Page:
When the husband’s family asks a wife to ‘go back’ and does so after enjoying the benefits that are specially contributed to by the wife to whom this new group / country is her family/nation – then those real positive values go to that old home – wife’s side of the family / country of origin in the case of immigrants. I felt that the win of Hindu party in India would have been strongly influenced by genuine pain of Tamils who were asked by Sinhalese to ‘go home’ directly and/or treated as if they did not belong and therefore are being indirectly / mentally sent home by majority power. Even if one Tamil to whom Sri Lanka is home were asked to ‘go back’ and s/he feels the pain – to the extent of her/his belief – the return would be against the person/group making the order. That was how I saw Pauline Hanson’s karma return through her guru John Howard’s pain due to his presence at the place of 9/11 bombing. Likewise I see the Indian Hindu victory being strongly influenced by Hindus being asked by Sinhalese in Sri Lanka to go back home to India. I heard it for the first time recently and hence my belief that our contribution as Hindu Diaspora is very strong to the Indian election outcomes. It’s not coincidental as far as I am concerned. Without this value – the support of Indians to Sri Lankan Tamils would have ceased when the LTTE were listed as terrorists. Those listings are outer structures by outsiders to give form to their work. When we are in their homes we need to respect that. Beyond that they do not have power over us. Belief on the other hand works beyond boundaries.
Making belief based connections is important to know for ourselves that we are acting in accord with the system of Natural Justice. Constructing the expression of such belief needs to be integrated with our position responsibilities.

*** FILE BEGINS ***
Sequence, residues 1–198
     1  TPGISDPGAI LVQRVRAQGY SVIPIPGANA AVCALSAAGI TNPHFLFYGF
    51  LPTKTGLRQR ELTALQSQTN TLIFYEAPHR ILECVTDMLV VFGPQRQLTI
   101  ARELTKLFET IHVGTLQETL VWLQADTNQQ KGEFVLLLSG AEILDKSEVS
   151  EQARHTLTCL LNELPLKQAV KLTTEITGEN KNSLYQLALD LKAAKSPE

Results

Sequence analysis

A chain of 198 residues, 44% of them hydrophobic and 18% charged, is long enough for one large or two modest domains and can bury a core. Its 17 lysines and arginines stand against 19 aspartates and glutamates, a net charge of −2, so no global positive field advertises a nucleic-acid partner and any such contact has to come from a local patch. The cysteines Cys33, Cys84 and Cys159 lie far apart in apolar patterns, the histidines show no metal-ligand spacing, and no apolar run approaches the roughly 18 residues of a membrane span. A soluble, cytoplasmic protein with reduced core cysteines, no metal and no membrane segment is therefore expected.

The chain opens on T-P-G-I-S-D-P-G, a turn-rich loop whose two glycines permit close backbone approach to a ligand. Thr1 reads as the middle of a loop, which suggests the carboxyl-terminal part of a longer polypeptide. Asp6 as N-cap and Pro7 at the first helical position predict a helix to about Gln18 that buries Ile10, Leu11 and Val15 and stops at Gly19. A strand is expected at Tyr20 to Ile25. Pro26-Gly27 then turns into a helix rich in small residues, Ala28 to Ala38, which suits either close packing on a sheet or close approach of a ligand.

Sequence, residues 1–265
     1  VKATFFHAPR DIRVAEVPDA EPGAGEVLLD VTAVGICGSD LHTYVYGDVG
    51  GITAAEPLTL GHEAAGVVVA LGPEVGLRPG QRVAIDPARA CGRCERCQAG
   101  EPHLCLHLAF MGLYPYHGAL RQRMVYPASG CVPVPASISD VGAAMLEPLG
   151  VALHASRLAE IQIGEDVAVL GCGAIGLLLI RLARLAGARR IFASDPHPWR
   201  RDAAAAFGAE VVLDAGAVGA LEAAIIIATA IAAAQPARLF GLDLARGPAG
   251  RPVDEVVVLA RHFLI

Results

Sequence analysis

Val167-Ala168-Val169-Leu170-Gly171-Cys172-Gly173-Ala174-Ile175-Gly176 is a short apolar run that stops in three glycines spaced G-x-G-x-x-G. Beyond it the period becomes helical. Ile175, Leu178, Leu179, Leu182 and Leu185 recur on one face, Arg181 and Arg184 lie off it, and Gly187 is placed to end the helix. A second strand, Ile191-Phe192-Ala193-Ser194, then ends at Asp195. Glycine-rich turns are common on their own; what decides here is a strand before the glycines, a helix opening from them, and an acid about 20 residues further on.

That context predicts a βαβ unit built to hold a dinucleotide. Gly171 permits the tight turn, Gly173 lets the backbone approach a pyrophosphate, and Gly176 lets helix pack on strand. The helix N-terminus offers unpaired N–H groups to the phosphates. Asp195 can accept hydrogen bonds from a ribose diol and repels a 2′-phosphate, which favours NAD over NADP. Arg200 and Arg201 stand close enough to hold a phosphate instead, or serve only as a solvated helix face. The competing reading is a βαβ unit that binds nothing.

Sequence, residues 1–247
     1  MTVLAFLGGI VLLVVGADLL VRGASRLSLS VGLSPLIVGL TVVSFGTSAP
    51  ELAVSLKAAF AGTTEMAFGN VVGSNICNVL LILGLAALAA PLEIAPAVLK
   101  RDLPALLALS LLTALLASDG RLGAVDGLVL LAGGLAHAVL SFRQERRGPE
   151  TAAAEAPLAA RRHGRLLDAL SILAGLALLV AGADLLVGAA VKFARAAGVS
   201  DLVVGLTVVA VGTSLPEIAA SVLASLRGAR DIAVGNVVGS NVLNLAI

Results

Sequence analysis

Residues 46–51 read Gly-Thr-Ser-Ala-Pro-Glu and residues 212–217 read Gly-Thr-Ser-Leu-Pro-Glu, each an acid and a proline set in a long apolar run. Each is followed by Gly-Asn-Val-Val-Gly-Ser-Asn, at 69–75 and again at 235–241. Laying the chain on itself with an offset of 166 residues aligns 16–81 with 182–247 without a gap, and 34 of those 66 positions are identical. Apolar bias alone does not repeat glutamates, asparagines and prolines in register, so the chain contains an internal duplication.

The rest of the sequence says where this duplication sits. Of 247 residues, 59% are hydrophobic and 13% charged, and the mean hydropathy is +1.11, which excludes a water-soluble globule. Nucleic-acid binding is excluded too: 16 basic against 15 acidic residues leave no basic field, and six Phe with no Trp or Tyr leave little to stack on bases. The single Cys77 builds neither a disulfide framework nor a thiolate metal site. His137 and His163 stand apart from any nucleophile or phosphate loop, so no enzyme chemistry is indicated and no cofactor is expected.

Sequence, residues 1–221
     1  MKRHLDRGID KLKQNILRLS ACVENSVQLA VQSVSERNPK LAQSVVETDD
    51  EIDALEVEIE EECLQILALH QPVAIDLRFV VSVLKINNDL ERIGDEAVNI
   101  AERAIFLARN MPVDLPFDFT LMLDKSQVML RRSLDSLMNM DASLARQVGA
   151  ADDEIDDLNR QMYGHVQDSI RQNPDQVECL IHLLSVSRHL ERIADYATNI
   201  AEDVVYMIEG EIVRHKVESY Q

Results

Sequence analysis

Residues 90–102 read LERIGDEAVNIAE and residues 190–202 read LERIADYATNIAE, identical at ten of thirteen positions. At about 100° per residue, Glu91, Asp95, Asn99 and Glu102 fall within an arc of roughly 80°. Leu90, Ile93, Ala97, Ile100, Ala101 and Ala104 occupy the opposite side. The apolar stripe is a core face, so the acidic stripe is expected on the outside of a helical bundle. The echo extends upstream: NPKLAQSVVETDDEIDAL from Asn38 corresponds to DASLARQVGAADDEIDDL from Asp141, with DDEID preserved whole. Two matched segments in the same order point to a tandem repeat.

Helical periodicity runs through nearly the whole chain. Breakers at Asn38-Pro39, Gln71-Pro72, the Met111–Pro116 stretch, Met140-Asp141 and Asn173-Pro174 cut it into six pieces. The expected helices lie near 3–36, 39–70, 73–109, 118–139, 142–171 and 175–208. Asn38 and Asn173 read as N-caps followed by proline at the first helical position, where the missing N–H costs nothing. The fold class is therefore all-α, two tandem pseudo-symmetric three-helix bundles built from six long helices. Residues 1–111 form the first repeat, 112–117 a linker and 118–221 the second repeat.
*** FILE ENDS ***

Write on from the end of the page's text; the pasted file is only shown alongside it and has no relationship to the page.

Yesterday I wrote as a Tamil believer taking a Sri Lankan position:
‘In terms of Tamils seeking to remember publicly their heroes who have passed away, the risk is whether such would bring about anxiety to the relatives of the combatants. Instead, if it were to pray together at the same time – but within our respective homes – that would invoke the blessings of Peace. If we are not able to remember on our own, our valuation of those who died for their cause cannot be deep. Getting together physically is healthy but not when it results in anxiety for those left behind at the family level.’
Today I learnt through ‘Ceylon Today’ that Private Mourning was not unlawful according to Military Spokesman Brigadier Ruwan Wanigasooriya. The way the Spokesman’s expressions have been structured are different to mine for reasons similar to the underpinning belief of the President being different to that of the Chief Minister of Northern Sri Lanka. To my mind, mine is close to the root of the issue whereas the Brigadier’s is structured to represent his position. Mine has more global value whilst the latter’s is strong locally for external purposes. According to the news report: